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Young Research Workers' Prize
D Modulation of gap junctional coupling as an anti-arrhythmic strategy to prevent reperfusion ventricular arrhythmias
  1. F S Ng,
  2. A R Lyon,
  3. I T Shadi,
  4. E T Y Chang,
  5. R A Chowdhury,
  6. E Dupont,
  7. N S Peters
  1. Imperial College London, London, UK


Background Reperfusion arrhythmias can occur within seconds of restoration of blood flow to previously ischaemic myocardium. Heterogeneities and abrupt changes in both gap junctional coupling and action potentials during early reperfusion are thought to contribute to their pathophysiology. We tested the hypothesis that modulating gap junctional coupling can reduce the incidence of reperfusion arrhythmias, and used optical mapping to assess the mechanisms of any anti-arrhythmic effect.

Methods Using a Langendorff apparatus, rat hearts were perfused with either 50 nM AAP10 to increase gap junctional coupling (n=10), 30 μM carbenoxolone (CBX) to reduce coupling (n=13) or control Krebs-Henseleit solution (n=10). Hearts were then subjected to regional ischaemia by occlusion of the left anterior descending artery for 8 min and then reperfused. Ventricular arrhythmia incidence was documented. For optical mapping experiments, a further eighteen hearts were loaded with a voltage-sensitive dye (RH237), perfused with an excitation-contraction uncoupler (10μM blebbistatin) and either AAP10 (n=6), carbenoxolone (n=6) or control (n=6), and then subjected to ischaemia and reperfusion as above whilst transmembrane voltage (Vm) transients were recorded.

Results Both AAP10 and CBX reduced the incidence of reperfusion VF (AAP10 50%, CBX 77%, Control 90%) and delayed time to onset of reperfusion VF (AAP10 29.0±9.9 s; CBX 52.2±13.2 s; Control 21.8 s±6.4 s) (LogRank p<0.05). AAP10 reduced the dispersion of action potential duration (APD) in ischaemic myocardium (AAP10 2.3±0.8 ms; CBX 5.1±1.2 ms; Control 4.9±2.0 ms, p<0.05). AAP10 also improved conduction across a 0.6 cm2 central ischaemic zone in the anterior left ventricle (LV) (Activation time: AAP10 15.3 ± 1.3ms; CBX 25.7 ±2.2 ms; Control 23.2±2.0 ms, p<0.05) immediately prior to reperfusion. CBX slowed conduction and prolonged this activation time post-reperfusion (AAP10 10.3±0.8 ms; CBX 15.8±2.8 ms; Control 9.5±1.2 ms), thus resulting in smaller changes in conduction velocities pre- and post-reperfusion compared with control.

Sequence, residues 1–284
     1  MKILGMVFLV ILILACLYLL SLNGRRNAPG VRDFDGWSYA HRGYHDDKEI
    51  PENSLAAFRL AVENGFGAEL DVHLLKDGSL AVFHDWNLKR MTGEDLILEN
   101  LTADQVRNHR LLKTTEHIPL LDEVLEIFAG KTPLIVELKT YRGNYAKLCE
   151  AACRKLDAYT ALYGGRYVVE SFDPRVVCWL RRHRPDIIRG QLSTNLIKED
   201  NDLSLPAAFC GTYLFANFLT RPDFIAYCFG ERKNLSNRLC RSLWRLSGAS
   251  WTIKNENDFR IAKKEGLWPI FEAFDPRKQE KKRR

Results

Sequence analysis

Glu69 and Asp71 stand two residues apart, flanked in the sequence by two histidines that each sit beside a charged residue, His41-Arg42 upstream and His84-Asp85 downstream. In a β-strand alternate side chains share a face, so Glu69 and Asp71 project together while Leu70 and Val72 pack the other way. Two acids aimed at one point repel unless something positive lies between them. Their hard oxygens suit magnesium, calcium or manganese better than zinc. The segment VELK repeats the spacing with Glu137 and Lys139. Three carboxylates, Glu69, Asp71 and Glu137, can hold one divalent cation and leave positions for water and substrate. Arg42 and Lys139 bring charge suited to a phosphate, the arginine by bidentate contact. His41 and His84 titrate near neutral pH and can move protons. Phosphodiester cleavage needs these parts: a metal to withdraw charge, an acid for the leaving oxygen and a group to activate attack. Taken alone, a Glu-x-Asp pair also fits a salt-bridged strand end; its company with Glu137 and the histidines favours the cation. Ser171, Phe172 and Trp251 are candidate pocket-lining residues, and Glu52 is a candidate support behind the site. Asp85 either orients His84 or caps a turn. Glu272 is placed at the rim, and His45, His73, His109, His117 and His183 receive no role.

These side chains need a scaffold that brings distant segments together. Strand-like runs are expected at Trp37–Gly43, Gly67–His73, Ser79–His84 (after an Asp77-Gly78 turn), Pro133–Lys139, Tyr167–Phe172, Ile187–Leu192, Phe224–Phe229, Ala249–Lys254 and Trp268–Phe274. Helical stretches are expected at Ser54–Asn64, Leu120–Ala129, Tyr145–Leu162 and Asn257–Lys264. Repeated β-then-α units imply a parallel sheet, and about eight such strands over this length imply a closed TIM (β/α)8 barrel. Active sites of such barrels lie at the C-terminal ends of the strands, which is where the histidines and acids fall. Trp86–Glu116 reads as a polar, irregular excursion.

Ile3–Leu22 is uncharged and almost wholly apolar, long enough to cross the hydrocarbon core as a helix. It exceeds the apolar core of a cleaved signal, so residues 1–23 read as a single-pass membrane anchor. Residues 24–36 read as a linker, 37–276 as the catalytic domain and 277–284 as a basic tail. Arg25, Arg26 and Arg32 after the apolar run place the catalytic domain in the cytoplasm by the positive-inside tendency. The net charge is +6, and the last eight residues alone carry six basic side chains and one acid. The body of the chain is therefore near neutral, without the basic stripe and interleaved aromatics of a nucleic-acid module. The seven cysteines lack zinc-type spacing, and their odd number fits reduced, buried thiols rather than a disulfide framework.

Conclusions Both increasing and reducing gap junctional coupling, with AAP10 and CBX respectively, reduced the rate and delayed the onset of reperfusion VF. This suggests that the partial uncoupling that occurs during early reperfusion is a determinant of reperfusion arrhythmias, and that both normalising the degree of coupling or further exacerbating uncoupling may be anti-arrhythmic. The anti-arrhythmic effect of increasing gap junctional coupling may be mediated by its dual effect of reducing action potential heterogeneity and improving conduction during reperfusion. Further uncoupling may be protective via attenuation of the abrupt changes in coupling and conduction that occur at reperfusion following ischaemia.

Abstract D Figure 1

Freedom from reperfusion VF. APD dispersion at reperfusion.

Abstract D Figure 2

LV anterior wall activation time (ms).

  • gap junctions
  • ventricular arrhythmias
  • reperfusion

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